Blog > Jul 1st, 2020

The domain name is for sale. was a free web-based tool to help users find their router’s administration web page. Created in 2009, web browsers phased out support for the Java applet technology it relied on between 2013 and 2017.

There are two IP addresses of interest to people setting up their Wi-Fi, the WAN IP address and the LAN IP address.

WAN IP Address

The easy one to find out is your IP address on the Internet (WAN). It’s very easy to create a web page that will provide users with this information, so this feature was not unique to For example, you can use the Javascript code to create a Cloudflare Worker that will return the user’s IP address as a string:

addEventListener('fetch', event => {

 * Respond to the request
 * @param {Request} request
async function handleRequest(request) {
  return res = new Response(request.headers.get('CF-Connecting-IP'),
      status: 200,
      headers: {
        'cache-control': 'no-cache, max-age=0',
        'Content-Type': 'text/html'

LAN IP Address

Users may want to find their router’s administration web page in order to set up wireless (802.11/Wi-Fi) access, configure forwarding rules, upgrade firmware, or set security features. Depending on the configuration and router model, the router could have been using one of many possible Internet (IP) addresses and port numbers.

Most online help expected users to use the Windows command line and run ipconfig. To make this easier, used a Java applet to find the IP address of the router and to determine the port number.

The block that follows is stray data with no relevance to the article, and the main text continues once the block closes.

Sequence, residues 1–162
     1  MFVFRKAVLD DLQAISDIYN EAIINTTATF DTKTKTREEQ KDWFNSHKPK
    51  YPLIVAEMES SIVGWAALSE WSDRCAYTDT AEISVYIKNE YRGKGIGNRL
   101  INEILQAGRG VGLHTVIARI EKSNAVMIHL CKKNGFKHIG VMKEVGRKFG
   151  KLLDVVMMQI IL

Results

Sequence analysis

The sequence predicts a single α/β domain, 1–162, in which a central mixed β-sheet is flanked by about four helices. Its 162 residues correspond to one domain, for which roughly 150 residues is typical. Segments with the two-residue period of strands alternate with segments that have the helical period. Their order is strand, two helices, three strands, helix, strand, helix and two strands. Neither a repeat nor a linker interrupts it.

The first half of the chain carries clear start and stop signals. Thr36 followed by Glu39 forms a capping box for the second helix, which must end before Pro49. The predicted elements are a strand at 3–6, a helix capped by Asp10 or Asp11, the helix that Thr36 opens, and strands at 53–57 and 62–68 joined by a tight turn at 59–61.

It’s hard to believe in hindsight, but Java applets running inside a web browser were once able to run command line programs on the host computer, though they at least had to be signed and to prompt the user for permission. relied on running netstat to determine the LAN IP address:

Runtime.getRuntime().exec("netstat -rn");

The applet simply looked for the line of the program output that indicated the default gateway:

if ( line.startsWith("default") || line.startsWith(""))

and extracted the IP address of the gateway from that line.

Once the applet determined the IP address, it had to determine the port number. To do that, it simply scanned likely port numbers,

int[] ports = { 80, 8080, 88 };

attempting to connect to each one in turn using HTTP:

sock.connect(new InetSocketAddress(InetAddress.getByName(gateway), ports[port]), 1250);

Fortunately, many router manufacturers have since simplified this process, for example by supporting the special hostnames router,, myrouter.local or mydlinkrouter.local.